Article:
“There are so many different varieties of lefse, from sweet treats to wraps”, says Gry Nordvik Karlsen, co-author of a Norwegian cookbook with traditional recipes for flat pastry, including lefse.
Karlsen and her sister Ane Nordvik Hasselberg decided to gather traditional recipes in a book because they’re not easy to find.
“No one is showing off their lefse baking skills on YouTube or dedicating a blog to baking lefse. But every region, fjord village and small town in Norway have their own lefse traditions,” Hasselberg explains. And, of course, countless secret family recipes are passed down from generation to generation.
“A lot of people have family recipes, but not everyone is happy to share them. We didn’t want these baking traditions to fade out and thought everyone should have the opportunity to learn how to make flat pastry like lefse”, Karlsen adds.
The sisters are passionate about Norwegian baking traditions and say that lefse has always had a special place at the table.
Ancient baking traditions
“Lefse is inspired by what we call flatbrød (flatbread), which is a super-thin crispbread often served with soup, cured meat and the weird Norwegian food tradition rakfisk (fermented trout)”, Karlsen explains.
Flatbrød doesn’t require a lot of ingredients. The tradition dates back to the Vikings and their brauðiskr (bread plate), and flatbrød consists of water, whole-wheat flour and a pinch of salt.
Lefse is a soft version of flatbrød, often made with a few more ingredients, like milk and butter. We use it to wrap all the goodies together – just like a tortilla.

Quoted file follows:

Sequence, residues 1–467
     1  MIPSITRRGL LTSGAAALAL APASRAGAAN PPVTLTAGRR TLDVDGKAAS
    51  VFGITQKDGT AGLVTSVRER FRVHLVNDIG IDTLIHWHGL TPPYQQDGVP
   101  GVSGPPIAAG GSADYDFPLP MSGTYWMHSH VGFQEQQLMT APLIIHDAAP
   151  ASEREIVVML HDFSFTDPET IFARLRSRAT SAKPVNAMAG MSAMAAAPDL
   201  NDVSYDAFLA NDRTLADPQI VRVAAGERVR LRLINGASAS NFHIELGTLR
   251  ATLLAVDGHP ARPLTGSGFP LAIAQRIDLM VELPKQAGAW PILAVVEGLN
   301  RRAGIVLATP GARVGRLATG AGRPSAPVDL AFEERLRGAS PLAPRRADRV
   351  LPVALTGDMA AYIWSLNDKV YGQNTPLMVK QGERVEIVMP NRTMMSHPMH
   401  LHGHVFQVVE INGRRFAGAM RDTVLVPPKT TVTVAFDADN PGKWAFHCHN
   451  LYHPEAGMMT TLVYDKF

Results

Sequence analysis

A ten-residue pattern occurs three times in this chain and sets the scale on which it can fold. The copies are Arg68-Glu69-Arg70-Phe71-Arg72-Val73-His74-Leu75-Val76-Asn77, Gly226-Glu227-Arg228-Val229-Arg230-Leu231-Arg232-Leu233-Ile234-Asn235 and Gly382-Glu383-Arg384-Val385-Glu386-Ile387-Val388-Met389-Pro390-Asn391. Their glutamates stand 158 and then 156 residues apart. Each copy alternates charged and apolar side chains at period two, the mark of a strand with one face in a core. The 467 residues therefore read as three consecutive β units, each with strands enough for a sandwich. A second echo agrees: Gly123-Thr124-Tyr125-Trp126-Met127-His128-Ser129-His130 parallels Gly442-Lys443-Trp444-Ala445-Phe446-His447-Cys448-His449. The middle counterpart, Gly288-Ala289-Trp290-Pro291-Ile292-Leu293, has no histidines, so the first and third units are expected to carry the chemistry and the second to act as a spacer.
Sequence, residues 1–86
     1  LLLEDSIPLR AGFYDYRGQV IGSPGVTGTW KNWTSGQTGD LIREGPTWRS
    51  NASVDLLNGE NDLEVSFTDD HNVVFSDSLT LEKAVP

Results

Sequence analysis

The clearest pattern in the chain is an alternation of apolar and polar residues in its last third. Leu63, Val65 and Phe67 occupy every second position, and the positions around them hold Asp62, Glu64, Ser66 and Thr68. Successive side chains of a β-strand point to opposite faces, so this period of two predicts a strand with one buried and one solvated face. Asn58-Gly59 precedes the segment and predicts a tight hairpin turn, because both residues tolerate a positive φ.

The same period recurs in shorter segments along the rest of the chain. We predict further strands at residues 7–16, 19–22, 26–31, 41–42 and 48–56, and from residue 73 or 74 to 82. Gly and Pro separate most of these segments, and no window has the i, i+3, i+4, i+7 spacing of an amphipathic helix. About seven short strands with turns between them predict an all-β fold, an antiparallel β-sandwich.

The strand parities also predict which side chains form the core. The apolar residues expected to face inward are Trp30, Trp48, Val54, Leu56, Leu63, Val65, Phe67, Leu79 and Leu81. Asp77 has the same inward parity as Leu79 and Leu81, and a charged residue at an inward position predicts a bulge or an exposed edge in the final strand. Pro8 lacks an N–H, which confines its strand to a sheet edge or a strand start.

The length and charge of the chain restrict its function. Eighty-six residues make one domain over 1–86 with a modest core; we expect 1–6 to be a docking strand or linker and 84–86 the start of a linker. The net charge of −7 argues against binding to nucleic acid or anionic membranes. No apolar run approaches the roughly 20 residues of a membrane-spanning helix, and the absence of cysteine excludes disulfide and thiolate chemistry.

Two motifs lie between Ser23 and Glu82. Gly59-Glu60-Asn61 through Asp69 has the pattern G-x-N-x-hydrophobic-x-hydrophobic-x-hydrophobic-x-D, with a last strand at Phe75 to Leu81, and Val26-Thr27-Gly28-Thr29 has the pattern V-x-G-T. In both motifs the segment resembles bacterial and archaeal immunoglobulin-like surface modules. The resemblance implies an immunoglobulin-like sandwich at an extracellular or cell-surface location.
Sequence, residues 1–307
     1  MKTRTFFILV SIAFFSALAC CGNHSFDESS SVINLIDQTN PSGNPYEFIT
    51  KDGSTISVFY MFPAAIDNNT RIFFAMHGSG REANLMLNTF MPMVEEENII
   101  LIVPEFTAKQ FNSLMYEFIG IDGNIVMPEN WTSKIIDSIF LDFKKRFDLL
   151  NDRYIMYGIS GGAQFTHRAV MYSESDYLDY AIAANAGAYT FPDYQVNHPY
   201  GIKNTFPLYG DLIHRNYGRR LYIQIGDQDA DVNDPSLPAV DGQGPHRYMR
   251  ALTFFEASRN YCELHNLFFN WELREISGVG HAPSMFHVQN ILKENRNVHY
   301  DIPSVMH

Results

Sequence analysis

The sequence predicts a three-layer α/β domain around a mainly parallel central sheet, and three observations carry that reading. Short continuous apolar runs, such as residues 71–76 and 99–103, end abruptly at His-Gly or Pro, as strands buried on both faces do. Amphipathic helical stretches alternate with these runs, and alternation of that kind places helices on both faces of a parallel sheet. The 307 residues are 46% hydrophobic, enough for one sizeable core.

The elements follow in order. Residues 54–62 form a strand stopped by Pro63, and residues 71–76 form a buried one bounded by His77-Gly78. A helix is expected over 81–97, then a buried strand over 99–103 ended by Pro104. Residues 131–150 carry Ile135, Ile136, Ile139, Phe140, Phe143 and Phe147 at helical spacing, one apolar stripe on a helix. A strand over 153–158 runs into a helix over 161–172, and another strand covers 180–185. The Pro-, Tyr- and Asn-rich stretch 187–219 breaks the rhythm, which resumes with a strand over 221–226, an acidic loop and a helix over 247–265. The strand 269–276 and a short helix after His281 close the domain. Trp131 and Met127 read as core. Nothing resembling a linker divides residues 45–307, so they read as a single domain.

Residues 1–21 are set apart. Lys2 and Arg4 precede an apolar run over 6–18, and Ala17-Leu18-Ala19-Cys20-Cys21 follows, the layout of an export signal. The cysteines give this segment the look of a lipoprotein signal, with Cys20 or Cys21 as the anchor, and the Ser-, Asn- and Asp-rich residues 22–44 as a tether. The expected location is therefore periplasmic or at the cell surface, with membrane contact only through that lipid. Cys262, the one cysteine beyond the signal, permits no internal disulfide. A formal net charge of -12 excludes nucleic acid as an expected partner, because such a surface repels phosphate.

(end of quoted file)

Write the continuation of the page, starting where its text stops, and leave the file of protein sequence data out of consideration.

“When I was young, lefse was considered a real treat. It required a lot of work, so we only made it for holidays and special occasions,” Karlsen says.
The magic lies in the perfect combination of pastry and filling.
Top the lefse with butter, sugar and cinnamon for a delicious treat …
… or swap bread for a healthy lefse-wrap in your matpakke (homemade lunch that you bring to work, school, hiking trips and so on).
A GUIDE TO NORWEGIAN LEFSE:
Vestlandslefse – A sweet lefse from Fjord Norway with butter, sugar and cinnamon.
Møsbrømlefse – A lefse from Salten in Northern Norway, served with a brown cheese spread.
Tykklefse – A thicker version of the sweet lefse with butter, cinnamon and sugar.
Kjøttlefse – Lefse with meat, similar to taco.
Potetlefse – Lefse made with potatoes.
Lomper – Another word for potetlefse, often associated with the small version served with hot dogs.
Krinalefse – Originally from Helgeland in Northern Norway, this lefse has a nice pattern and is served with butter, sugar and cinnamon. Back in the day, they served it with gomme, which is almost like a sweet cheese with cinnamon.
Gnikkalefse – A lefse variety that is fried with a “topcoat” called gnikk, which is made using skimmed milk, potato flour, wheat flour and salt of hartshorn.
Pjalt – A round flat pastry from Røros in Trøndelag.
Lemse – Lefse from Røros in Trøndelag.
Klenning – The Trøndelag region’s version of sweet lefse with butter, cinnamon and sugar.
Kling – The name for sweet lefse in Buskerud, Eastern Norway.
Lefse is a versatile pastry, but as Karlsen points out: it takes time to make it from scratch.
Luckily, you can easily buy potetlefser (lefse made with potatoes) in more or less every grocery store. They are perfect for lunch wraps and tapas. You can also use it as a blanket for your hot dog instead of buns! We just call it pølse og lompe (hot dog with lompe, a small potato lefse).